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on 29 July 1999
Just like the title says, if you have little or no design experience/training, this is a great book to have. But even if you have been designing web sites for a while like me (3 years), there are plenty of things you might find useful.
The book is full-color. Much of it assumes you know little about computers, HTML, and the Internet. It also assumes you are using one of the popular HTML editors and graphics programs like Frontpage and Photoshop. Even with these liabilities, there are wonderful principles, tips and techniques provided by the authors that should benefit even experienced designers.
For me, the meat of the book was the middle where it describes the basics of design, color, layout, and typography. The advanced tips and tricks chapter also offered some tidbits I hadn't thought of before. However, I breezed through the beginning and ending chapters (on the Internet, web pages, site organization, uploading your site, and testing it) because they had little to offer I didn't already know. But for a beginner this may be valuable information.
One reason I wanted this book was all of its beautiful and creative design examples. If I am stumped on how to design something, I will pick up this book and see if it may inspire me. The authors didn't provide "cutting edge" type graphics, but examples that are simple, colorful and effective.
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on 27 September 2003
Read the title - "The Non-designer's Web Book". This is who it is for. I am a web designer and I read this book a couple of years ago. Yes it can be a little patronising and yes it can be a little too basic at times but it outlines the basics of design (not specifically web design) that sadly alot of designers don't seem to be interested in these days.
I came onto Amazon to buy this book for one of my new designers. I am buying it for him because although I can train him to use Dreamweaver, Flash and Photoshop, it is almost impossible to teach someone what actually LOOKS good.
There are basic rules in this book that must be adhered to when creating a website and if my designer only learns 1 or 2 things from this book, then I am happy - it will have served it's purpose.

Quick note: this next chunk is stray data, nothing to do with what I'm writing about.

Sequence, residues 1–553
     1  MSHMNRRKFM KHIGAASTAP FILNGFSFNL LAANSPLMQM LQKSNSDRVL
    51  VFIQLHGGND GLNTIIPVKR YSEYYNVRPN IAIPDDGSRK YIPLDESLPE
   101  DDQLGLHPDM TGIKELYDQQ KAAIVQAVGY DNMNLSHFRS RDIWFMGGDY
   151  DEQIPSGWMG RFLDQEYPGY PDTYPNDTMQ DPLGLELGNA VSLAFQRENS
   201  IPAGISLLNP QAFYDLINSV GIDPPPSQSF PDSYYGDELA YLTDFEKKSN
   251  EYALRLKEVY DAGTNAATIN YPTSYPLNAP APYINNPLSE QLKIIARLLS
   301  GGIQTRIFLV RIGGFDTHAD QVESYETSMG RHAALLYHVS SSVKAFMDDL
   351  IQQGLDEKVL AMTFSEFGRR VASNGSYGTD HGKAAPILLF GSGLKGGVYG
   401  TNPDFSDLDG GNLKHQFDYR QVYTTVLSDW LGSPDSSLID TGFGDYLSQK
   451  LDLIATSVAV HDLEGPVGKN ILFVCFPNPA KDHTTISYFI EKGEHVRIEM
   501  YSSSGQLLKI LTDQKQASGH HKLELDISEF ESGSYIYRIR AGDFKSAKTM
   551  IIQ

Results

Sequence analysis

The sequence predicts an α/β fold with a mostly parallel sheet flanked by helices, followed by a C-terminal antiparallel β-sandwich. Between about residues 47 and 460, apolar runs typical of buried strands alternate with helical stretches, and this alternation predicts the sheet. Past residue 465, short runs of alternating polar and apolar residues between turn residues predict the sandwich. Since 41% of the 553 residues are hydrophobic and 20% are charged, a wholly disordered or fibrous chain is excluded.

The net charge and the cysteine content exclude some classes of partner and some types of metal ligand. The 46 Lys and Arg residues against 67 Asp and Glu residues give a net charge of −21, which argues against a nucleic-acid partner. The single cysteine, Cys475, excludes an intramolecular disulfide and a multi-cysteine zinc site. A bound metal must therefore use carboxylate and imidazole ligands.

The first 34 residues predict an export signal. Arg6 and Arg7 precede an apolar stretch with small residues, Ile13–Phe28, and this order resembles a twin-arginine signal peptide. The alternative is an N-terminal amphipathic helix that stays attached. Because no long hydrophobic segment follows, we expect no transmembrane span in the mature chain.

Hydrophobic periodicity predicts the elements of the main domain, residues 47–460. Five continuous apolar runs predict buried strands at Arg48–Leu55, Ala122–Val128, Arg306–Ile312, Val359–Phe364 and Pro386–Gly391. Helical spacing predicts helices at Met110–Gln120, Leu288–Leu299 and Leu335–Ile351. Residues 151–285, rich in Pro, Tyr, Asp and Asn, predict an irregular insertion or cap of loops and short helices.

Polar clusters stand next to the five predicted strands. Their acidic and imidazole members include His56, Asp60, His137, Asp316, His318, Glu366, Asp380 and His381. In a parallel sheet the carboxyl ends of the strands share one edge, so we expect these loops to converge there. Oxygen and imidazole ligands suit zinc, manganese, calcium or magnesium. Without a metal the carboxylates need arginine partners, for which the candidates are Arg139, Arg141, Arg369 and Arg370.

Please do not overlook this book as a real "beginners" book, I think every single web designer could do with a reminder of the basics every now and again. If you don't beleive me, just look at some of the appalling sites on the internet at the moment - and yes there are quite a few cr@p ones out there!
A MUST FOR ANYONE WHO WANTS TO BE A REALLY GREAT DESIGNER.
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on 17 November 2009
Robin Williams' design and type books inspired me to change my life and I can't recommend them too highly. Likewise, her new book on presentations, though inevitably recycling some of the same material, adds the new dimensions of time and theatre as well. So I was looking forward to reading the Non Designer's Web Book with a view to passing it on to people who know a lot less about web design than I already do. But no, sadly I can't recommend this one of the otherwise excellent family of books.

I think there are two problems:
- the main problem is that it feels terribly dated. The internet is fast moving, and it has left a lot of the material in the book behind. People don't want basic web sites like this any more: there are read-made blogs, content management systems and online site builders for the simple stuff, which is about as far as this book goes; interactivity, AJAX, server applications, in short "Web 2.0", is beyond its scope. Two paragraphs about cross-browser design issues simply isn't enough, especially as it isn't (easily) possible to install multiple versions of Internet Explorer on the same computer. Four pages on CSS is nowhere near enough for someone new to the subject; we still seem to be living in the land of tables and image slicing to do layout. Though published in 2005, it feels more like 2000.
- it can't cover the technology in enough detail to be helpful to someone new, but on the other hand doesn't add enough to the aspects of design, appearance and interactivity that web pages throw up over paper design.